Cortical bone is remodeled by on the periosteal, endosteal, and haversian canal surfaces. These surfaces are called bone envelopes, or remodeling bays. The periosteal surface is responsible for the growth in bone width. The endosteum, which lines the medullary cavity of long bones, carries out complex metabolic and structural activities throughout life. These activities include phases of bone resorption alternating with phases of bone formation (see Plate 2-40). Endosteal activity determines the diameter of the medullary canal, while the combined activities of the periosteum and endosteum determine the overall thickness of the bone cortex. The haversian canal surface is important in bone remodeling and is responsible for the density of the cortex.
Arterial blood supply to two thirds of the inner bone cortex is predominantly centrifugal and is carried out by nutrient arteries entering from the medullary canal (see Plate 2-22); periosteal arterioles supply approximately one third of the outer cortex of a long bone. A highly developed anastomotic network connects the centripedal periosteal arterial system with the centrifugal endosteal arterial system. Venous drainage of the cortex is predominantly centripedal via a large plexus of veins in the medullary canal. (See plates 1-8 and 1-9 in Section 1 for a comprehensive discussion of blood supply to bone.)
STRUCTURE OF TRABECULAR BONE
In contrast to the compact structure of cortical bone, trabecular bone is a complex network of intersecting curved plates and tubes (see Plate 2-23). The bone within each trabecula is mature lamellar bone; the osteocytes are concentrically oriented and have a welldeveloped canalicular network.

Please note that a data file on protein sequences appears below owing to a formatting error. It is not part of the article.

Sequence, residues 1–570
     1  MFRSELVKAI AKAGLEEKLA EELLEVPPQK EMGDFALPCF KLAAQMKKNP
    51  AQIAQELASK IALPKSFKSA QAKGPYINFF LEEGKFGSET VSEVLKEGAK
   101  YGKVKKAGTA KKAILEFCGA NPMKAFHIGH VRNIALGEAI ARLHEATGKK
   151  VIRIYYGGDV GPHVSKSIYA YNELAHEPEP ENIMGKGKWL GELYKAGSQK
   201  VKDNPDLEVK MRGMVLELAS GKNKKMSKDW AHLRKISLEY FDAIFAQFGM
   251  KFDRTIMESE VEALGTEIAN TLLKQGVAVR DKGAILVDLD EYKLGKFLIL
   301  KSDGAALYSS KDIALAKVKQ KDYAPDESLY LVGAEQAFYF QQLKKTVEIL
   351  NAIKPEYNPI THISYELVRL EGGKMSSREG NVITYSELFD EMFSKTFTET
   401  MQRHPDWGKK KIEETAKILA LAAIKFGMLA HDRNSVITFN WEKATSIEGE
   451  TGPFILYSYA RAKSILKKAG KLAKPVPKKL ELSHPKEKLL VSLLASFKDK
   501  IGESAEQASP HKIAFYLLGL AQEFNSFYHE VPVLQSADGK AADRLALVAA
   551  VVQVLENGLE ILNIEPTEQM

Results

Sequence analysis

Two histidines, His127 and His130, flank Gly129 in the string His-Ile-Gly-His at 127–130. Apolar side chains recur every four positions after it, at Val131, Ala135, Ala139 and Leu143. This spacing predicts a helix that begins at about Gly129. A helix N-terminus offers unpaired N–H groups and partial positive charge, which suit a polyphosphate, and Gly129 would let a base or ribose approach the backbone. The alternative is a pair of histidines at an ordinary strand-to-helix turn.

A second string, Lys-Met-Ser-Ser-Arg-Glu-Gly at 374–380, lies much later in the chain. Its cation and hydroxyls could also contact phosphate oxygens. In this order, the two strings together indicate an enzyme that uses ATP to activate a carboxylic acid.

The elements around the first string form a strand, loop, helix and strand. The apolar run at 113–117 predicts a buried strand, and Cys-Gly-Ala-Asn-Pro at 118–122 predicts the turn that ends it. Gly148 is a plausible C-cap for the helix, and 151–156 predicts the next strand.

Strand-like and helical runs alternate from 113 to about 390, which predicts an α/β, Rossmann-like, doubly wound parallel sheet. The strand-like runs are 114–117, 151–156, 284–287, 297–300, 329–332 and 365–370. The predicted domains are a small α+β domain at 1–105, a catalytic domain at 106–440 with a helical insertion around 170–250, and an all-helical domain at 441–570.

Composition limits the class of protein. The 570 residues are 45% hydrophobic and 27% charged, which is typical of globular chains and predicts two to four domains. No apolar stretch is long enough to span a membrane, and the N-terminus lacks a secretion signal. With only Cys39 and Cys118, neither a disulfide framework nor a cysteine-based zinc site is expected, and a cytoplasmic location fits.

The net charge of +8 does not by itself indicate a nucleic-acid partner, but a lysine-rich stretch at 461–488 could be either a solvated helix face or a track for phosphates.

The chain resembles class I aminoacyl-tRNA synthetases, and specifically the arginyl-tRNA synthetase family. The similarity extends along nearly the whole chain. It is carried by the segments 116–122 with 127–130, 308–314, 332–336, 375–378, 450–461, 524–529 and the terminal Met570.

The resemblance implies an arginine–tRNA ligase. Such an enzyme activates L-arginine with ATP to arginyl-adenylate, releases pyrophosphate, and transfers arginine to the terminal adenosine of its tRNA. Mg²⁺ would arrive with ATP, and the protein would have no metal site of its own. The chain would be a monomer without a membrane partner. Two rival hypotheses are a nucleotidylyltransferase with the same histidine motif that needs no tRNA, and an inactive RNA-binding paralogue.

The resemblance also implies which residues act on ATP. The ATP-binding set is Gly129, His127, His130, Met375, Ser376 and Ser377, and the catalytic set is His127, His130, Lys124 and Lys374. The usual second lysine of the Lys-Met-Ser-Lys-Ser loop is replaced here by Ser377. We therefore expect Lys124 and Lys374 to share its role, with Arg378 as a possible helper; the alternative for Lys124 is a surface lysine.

Trabecular bone is typically located at the ends of a long bone. Here, the well-defined medullary cavity of the shaft gives way to a different organization: bony trabeculae fill the entire cross section of the bone, occupying approximately 20% of its volume. In the proximal end of the femur, the trabeculae are quite regularly arranged, reflecting the direction of the principal mechanical stresses to which this bone is subjected.
Cortical bone accounts for 80% of skeletal bone mass, whereas trabecular bone constitutes the remaining 20%. However, because of the larger surface area of trabecular bone, its surface-to-volume ratio is approximately 10 times that of cortical bone.
The metabolic activity of trabecular bone is nearly eight times greater than that of cortical bone, which may help to explain why disorders of skeletal homeostasis (metabolic bone diseases) have a greater tendency to effect trabecular bone rather than cortical bone. Observations indicate that the rate of remodeling in trabecular bone may vary greatly in different parts of the skeleton. For example, in adults, trabecular bone at the ends of long bones is in contact with a fatty marrow, whereas in vertebrae of the axial skeleton, it is in contact with a more highly cellular hematopoietic marrow. These differences may help to account for the axial distribution of trabecular osteopenia.
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